He talks about how PHP was "made for the web" and why there are so many different kinds of frameworks out there (though most are generally MVC-ish). He talks about one of the standard arguments, learning curve vs efficiency, and how it compares to the "no framework framework" ideals. He then gets into some of the dark side of using frameworks, specifically how they can shorten the shelf life of an application and how difficult migration can sometimes be. He points out the irony of large frameworks: the bigger the app/framework, the harder it can be to migrate (and cost more). He encourages sticking with smaller, lighter frameworks instead and suggests coding standards, common packages and using custom libraries only where needed to create your application.

tagged: framework profitability cost migration small mvc

Link: http://leehblue.com/php-frameworks-affect-profitability/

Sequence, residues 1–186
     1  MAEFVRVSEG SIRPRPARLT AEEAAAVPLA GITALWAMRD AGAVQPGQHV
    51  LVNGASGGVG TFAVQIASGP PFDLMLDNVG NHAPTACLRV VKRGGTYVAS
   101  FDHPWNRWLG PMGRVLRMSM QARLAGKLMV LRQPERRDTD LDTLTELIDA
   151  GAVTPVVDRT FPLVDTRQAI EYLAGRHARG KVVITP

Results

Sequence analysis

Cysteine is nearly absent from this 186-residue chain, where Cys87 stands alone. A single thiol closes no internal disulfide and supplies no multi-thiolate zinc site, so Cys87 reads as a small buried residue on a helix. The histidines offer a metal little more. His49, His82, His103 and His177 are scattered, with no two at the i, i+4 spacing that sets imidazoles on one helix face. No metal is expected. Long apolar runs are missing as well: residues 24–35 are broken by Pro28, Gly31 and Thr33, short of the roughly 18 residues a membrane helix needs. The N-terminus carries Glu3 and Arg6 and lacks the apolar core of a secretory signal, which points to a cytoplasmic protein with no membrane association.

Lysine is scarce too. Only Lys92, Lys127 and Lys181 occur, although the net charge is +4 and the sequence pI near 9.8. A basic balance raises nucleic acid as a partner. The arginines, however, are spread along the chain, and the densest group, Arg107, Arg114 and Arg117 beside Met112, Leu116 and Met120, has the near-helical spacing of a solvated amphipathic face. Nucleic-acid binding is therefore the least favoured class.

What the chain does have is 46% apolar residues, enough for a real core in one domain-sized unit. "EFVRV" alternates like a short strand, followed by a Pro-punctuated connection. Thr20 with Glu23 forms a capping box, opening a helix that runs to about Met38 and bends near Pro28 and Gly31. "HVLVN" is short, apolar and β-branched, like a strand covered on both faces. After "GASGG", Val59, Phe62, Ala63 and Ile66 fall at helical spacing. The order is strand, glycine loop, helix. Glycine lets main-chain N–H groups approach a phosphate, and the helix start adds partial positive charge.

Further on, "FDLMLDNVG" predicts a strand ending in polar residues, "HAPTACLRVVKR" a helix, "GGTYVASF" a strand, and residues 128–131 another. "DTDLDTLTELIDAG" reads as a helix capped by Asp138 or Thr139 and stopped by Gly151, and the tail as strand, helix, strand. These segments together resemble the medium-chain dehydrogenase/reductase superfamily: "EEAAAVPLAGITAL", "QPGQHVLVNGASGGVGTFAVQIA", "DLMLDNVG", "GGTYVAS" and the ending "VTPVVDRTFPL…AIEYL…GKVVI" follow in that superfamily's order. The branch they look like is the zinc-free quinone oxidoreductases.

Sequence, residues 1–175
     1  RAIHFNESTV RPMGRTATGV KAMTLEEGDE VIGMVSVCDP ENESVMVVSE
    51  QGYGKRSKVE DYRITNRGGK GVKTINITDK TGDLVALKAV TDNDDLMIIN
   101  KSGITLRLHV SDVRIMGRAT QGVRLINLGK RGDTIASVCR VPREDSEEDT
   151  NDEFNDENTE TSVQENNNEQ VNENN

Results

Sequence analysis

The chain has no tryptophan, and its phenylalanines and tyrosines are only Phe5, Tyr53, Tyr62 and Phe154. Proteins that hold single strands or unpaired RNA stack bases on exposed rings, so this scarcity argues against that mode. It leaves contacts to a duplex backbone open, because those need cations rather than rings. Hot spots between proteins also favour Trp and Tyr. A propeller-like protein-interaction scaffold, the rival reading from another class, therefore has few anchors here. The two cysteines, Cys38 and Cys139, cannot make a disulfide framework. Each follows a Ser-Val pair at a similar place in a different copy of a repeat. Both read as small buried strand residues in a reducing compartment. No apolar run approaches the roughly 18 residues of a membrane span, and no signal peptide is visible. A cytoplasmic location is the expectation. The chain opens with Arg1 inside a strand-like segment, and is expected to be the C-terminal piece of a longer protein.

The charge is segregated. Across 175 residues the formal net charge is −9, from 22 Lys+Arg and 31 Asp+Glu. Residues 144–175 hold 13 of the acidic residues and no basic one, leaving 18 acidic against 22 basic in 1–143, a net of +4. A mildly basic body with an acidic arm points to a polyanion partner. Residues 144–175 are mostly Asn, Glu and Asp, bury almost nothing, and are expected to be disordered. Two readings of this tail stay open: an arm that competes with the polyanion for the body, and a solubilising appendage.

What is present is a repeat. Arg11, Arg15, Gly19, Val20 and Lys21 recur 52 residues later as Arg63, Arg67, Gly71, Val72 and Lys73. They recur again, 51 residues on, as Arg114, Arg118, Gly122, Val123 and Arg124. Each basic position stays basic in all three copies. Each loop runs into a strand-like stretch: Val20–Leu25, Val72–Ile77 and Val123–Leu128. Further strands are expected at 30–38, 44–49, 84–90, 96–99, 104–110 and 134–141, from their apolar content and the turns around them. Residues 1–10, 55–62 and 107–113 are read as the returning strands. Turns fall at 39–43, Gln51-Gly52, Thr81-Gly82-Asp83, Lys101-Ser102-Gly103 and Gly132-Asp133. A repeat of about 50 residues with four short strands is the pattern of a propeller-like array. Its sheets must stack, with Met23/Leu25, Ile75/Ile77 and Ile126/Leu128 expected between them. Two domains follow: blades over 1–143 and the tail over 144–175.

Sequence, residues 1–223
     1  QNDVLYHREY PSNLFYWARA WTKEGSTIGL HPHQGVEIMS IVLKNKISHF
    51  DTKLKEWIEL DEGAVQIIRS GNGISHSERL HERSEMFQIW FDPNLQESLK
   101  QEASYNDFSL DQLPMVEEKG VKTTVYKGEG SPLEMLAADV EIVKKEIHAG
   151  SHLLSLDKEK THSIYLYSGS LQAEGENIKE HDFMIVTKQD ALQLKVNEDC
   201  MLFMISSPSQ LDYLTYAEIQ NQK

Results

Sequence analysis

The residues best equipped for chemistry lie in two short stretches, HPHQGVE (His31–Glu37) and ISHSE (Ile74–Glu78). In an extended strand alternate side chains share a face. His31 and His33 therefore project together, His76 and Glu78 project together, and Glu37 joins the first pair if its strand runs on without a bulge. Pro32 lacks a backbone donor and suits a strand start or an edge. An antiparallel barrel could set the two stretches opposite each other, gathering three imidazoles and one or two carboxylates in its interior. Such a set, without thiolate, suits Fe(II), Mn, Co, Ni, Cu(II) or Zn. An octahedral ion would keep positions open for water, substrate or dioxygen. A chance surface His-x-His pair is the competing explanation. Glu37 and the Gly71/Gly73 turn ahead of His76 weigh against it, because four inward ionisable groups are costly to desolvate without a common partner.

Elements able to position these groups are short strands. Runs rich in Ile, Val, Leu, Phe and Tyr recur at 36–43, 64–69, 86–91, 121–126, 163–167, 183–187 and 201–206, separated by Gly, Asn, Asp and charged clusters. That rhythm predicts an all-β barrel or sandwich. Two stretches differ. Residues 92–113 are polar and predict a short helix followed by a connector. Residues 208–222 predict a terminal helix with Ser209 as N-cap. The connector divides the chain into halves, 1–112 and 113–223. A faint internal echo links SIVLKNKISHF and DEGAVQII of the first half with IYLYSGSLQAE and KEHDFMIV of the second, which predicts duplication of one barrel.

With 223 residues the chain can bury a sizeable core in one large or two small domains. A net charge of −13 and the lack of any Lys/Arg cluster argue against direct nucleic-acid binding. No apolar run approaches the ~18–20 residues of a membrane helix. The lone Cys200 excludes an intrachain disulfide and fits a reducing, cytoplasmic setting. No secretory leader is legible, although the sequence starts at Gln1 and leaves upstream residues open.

Anthony Ferrara:
A Point On MVC And Architecture
Dec 02, 2014 @ 12:10:24

Anthony Ferrara has posted another in his series looking at MVC as a design pattern and as an idea for building web applications. In this latest post he goes on to make a point about MVC, how it relates to architecture and CRUD.

Last week I post a post called Alternatives To MVC. In it, I described some alternatives to MVC and why they all suck as application architectures (or more specifically, are not application architectures). I left a pretty big teaser at the end towards a next post. Well, I'm still working on it. It's a lot bigger job than I realized. But I did want to make a comment on a comment that was left on the last post.

He responds to the comment (essentially that CRUD is a solved problem) and where the need for customizations is needed. He suggests what the real problem is, though: the three classes of developers - CMS users, custom developers and users of both.

tagged: mvc architecture opinion problem crud comment response

Link: http://blog.ircmaxell.com/2014/12/a-point-on-mvc-and-architecture.html

Anthony Ferrara:
Alternatives To MVC
Nov 25, 2014 @ 11:52:15